Monday, May 27, 2013

Ecstasy-Assisted Therapy for Social Anxiety?

MDMA has been shown to improve the symptoms of post-traumatic stress disorder, so why not social anxiety as well?

Ecstasy-Assisted Therapy for Social Anxiety?

By TRACI PEDERSEN Associate News Editor
Reviewed by John M. Grohol, Psy.D. on May 26, 2013

The FDA recently approved a novel study that will examine whether the drug ecstasy could be of benefit to autistic adults suffering from social anxiety.

Ecstasy, known scientifically as N-methyl-3,4-methylenedioxyamphetamine (MDMA) has a reputation as a raver’s drug of choice and, in 1985, was classified as a Schedule I controlled substance — a category reserved for dangerous drugs with no medical value.

The drug, however, has been of interest to researchers who believe it could aid in psychotherapy.

Known for its “empathogenic effects,” MDMA has been shown to reduce the fear of emotional harm while promoting feelings of social connection. MDMA also produces a sense of euphoria and mild hallucinations.

Although “street ecstasy” often contains dangerous contaminants, the researchers believe using pure MDMA in a controlled setting could help certain patients.

“The study could start enrolling subjects in several months,” said Brad Burge, the communications director at Multidisciplinary Association for Psychedelic Studies.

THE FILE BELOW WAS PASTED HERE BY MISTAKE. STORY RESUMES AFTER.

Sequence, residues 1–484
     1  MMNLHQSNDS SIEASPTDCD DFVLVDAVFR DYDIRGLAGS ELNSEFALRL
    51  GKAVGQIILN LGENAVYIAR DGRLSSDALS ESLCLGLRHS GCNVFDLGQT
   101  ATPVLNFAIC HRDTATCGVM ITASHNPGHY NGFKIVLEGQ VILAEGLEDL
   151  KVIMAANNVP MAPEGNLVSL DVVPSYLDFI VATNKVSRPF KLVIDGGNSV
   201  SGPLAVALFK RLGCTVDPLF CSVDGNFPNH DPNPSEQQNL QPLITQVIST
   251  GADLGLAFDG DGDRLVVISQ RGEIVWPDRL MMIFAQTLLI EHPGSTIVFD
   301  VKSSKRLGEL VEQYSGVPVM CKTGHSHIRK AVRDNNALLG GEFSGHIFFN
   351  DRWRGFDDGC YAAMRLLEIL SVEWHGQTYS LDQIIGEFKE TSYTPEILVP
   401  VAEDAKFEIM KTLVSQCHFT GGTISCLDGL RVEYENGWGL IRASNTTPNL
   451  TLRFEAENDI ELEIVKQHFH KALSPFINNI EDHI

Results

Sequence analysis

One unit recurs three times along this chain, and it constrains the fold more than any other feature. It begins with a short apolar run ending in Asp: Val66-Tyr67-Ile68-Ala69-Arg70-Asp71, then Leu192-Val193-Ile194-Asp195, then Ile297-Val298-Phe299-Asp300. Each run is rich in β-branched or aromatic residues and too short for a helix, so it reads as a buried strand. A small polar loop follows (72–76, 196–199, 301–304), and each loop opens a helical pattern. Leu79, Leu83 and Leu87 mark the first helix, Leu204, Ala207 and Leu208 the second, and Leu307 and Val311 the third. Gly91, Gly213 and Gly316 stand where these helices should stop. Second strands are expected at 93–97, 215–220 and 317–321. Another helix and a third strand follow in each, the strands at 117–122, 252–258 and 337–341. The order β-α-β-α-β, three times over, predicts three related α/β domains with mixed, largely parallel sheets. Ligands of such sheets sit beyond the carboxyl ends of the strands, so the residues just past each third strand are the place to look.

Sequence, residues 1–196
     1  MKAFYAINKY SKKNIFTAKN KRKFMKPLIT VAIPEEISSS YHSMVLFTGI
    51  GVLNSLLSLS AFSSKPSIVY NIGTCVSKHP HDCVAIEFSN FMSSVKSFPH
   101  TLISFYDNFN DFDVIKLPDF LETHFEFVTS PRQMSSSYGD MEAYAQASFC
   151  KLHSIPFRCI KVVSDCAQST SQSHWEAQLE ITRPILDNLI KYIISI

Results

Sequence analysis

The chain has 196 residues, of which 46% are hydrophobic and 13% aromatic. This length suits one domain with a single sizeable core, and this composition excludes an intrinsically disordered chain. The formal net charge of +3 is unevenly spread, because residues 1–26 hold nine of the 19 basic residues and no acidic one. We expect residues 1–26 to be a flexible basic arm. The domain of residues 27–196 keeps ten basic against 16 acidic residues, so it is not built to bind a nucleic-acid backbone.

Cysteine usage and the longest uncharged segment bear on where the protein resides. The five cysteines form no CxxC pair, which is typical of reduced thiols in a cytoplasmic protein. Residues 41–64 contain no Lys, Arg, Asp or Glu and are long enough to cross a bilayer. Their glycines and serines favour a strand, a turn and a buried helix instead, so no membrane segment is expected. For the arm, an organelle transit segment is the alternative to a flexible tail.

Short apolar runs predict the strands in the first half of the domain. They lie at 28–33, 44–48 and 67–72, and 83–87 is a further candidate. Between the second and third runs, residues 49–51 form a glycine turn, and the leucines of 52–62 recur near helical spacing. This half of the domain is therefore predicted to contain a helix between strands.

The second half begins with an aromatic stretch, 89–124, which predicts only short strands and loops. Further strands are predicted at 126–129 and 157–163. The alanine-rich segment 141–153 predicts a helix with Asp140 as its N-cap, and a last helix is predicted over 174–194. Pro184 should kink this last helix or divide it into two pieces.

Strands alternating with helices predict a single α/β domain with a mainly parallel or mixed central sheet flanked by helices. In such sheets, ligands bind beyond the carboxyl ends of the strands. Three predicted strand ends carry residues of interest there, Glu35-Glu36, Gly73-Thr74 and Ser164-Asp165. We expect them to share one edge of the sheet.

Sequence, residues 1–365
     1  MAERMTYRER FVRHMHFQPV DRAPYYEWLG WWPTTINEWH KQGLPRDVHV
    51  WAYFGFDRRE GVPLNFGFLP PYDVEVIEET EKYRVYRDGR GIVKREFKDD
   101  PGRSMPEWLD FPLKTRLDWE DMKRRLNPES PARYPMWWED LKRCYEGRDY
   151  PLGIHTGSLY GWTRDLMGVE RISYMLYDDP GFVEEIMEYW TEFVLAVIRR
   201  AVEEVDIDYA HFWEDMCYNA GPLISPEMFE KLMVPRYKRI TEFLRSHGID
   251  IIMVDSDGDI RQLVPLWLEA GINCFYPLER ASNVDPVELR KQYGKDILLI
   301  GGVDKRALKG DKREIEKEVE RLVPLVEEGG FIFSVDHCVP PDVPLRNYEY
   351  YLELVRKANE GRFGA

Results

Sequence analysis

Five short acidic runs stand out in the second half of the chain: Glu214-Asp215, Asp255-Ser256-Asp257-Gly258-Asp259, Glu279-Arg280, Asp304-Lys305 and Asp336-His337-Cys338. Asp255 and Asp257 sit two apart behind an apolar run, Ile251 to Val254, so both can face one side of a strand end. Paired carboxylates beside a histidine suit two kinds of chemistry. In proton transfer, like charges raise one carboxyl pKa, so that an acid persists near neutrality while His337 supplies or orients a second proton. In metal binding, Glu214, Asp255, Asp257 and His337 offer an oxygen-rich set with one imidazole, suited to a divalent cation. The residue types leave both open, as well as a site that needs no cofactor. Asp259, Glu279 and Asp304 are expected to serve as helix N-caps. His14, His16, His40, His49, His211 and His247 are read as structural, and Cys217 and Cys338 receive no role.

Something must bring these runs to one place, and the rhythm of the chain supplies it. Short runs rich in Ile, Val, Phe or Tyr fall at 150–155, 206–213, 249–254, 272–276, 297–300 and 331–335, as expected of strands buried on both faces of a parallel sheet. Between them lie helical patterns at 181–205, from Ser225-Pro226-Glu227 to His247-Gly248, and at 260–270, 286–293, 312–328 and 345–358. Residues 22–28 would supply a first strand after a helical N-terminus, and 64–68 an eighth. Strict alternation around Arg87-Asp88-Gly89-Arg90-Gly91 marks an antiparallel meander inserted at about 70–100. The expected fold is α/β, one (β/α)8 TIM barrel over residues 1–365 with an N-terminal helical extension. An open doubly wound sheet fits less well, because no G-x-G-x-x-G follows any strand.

“However, it could be six months or more depending on how long the [Institutional Review Board] review process takes, how long it takes to set up the study site at the Harbor-UCLA Medical Center/Los Angeles Biomedical Research Institute, how long it takes to recruit subjects, and other factors. I estimate it will be four to eight months.”

The study would investigate the safety and therapeutic potential of MDMA-assisted therapy for treating social anxiety in 12 autistic adults.

“This study will be the first time MDMA-assisted therapy has been explored in a clinical trial for social anxiety, and the first time it’s been explored to help adults on the autism spectrum,” Burge said.

“The many case reports collected by study co-investigator Alicia Danforth in her recently submitted doctoral dissertation indicate that it is likely to provide at least some benefit.”

“Existing research also shows that MDMA is safe enough for use in clinical research,” he added. “It’s a promising area of research, and indicates a real shift in how the public sees MDMA and other psychedelics.”

The FDA concluded that the study was “reasonably safe to proceed as currently written,” but also offered some safety recommendations.

A similar study found that MDMA could help those suffering from post-traumatic stress disorder.

One rape survivor reported that the drug helped her cope with trauma by allowing her to “control where I was thinking and going, and look at things differently.”

Source: Multidisciplinary Association for Psychedelic Studies

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